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Institute of Computational Perception
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Special Topics: Social Media Mining and Analysis

This class is usually taught by Markus Schedl in the winter term. The class is taught in English.

Information for the current semester (if available):

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This course will be held foremost as an exercise in which students will implement and refine existing approaches to a task in context of social media mining or analysis. The work will be conducted in teams, each of which will select a topic to work on. The requirements to complete the course (and earn a positive grade) are the following:

  • gaining an understanding of the selected task and existing solutions
  • conducting a literature research and writing a short report about existing work on the topic (max. 3 pages)
  • implementing and evaluating a refined version of an existing approach (or an innovate novel approach)
  • giving a presentation of the topic, implemented approach/solution, and its evaluation (about 30 minutes per team)
  • writing a scientific article about the approach in the style of a conference submission (about 10 pages) 

Topics students can choose from include, but are not limited to the following (own suggestions are welcome too):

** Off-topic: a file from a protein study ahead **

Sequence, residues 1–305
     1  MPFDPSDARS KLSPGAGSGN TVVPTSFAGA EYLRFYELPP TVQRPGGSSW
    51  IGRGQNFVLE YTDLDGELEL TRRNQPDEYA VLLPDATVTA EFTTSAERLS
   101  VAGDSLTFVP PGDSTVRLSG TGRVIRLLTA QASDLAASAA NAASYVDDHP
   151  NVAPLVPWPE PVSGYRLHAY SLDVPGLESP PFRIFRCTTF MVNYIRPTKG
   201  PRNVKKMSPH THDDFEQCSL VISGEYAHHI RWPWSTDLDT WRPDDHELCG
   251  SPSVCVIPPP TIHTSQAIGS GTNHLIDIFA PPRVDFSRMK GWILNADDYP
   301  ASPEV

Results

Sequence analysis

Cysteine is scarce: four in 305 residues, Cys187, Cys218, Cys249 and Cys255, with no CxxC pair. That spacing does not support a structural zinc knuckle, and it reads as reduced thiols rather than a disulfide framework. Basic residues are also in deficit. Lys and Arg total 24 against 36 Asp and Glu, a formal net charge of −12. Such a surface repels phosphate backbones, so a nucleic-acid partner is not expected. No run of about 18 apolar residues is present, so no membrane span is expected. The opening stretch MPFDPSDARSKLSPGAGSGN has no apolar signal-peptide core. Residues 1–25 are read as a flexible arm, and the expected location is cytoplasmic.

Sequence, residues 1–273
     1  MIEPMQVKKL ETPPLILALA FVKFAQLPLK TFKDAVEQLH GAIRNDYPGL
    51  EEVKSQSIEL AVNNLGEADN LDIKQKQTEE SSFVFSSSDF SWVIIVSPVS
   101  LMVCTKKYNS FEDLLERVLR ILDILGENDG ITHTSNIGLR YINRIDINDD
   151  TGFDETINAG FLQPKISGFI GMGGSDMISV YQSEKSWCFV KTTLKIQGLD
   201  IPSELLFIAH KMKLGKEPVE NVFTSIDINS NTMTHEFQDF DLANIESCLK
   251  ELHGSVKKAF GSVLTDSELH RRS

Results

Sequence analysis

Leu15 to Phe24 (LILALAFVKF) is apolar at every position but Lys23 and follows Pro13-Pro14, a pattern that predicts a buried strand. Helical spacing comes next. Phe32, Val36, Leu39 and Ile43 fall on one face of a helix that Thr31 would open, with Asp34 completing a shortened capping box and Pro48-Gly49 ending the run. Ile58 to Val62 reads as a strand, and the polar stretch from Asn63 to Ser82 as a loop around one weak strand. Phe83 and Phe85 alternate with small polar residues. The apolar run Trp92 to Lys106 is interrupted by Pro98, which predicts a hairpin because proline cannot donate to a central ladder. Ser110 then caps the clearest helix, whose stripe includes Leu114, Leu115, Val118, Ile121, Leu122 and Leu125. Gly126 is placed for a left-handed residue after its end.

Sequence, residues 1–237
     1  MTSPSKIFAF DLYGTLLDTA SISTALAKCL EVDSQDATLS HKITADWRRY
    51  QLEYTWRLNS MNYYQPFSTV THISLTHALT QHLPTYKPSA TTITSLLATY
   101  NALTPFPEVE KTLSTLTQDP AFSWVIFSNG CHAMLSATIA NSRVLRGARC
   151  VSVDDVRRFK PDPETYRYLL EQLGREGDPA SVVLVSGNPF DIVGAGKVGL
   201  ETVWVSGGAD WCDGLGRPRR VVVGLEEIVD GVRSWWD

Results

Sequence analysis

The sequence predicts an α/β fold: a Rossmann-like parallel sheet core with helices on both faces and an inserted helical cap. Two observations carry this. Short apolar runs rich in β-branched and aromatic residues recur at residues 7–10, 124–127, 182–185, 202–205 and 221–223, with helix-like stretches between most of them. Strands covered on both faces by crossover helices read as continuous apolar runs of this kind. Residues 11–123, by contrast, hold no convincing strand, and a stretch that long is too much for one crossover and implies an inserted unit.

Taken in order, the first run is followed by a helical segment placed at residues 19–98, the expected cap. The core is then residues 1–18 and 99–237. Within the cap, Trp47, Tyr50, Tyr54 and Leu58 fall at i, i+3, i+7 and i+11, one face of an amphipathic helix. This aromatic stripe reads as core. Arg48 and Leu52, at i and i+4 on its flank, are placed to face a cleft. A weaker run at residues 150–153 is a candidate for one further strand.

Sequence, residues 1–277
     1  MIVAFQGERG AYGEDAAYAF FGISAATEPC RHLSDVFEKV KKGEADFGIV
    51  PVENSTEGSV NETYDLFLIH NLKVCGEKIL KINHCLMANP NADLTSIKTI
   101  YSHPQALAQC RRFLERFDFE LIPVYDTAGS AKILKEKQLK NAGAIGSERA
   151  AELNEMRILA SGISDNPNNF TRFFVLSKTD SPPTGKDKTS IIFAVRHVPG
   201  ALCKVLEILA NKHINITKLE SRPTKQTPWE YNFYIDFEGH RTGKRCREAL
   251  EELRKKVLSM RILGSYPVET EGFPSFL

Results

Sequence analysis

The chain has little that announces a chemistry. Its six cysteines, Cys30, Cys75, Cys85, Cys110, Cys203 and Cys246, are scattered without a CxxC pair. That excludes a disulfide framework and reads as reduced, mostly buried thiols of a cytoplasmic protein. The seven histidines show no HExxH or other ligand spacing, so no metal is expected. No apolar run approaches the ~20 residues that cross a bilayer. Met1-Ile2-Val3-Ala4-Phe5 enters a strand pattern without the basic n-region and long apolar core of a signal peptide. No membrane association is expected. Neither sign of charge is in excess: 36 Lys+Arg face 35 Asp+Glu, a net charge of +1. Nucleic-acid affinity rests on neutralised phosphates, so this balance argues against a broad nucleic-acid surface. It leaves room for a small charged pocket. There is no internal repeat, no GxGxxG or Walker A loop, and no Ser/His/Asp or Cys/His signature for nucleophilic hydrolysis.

• influential user detection
  • network structure analysis
  • sentiment analysis
  • flow analysis
  • analyzing aspects such as similarity or diversity in user preferences
  • categorization of users from their digital traces (demographics, mood, personality, habbits, etc.) 
  • studying the interrelationship between music taste and consumption patterns (e.g., time of day) or other user characteristics (e.g., country)
  • trend detection and popularity prediction
  • localizing microblog messages or other multimedia material
  • real-world event detection
  • country of origin detection (for persons, music artists, bands, or other items)

Many other possible topics can be derived, for instance, from the proceedings of the ICWSM conference:
    http://icwsm.org/2016/program/program, opens an external URL in a new window
    http://icwsm.org/2015/program/program, opens an external URL in a new window
    http://icwsm.org/2014/program/program, opens an external URL in a new window

Also the following book gives an overview about basics in mining user-generated content:
    Marie-Francine Moens, Juanzi Li, Tat-Seng Chua (eds.), Mining of User Generated Content and Its Applications, CRC Press, January 2014., opens an external URL in a new window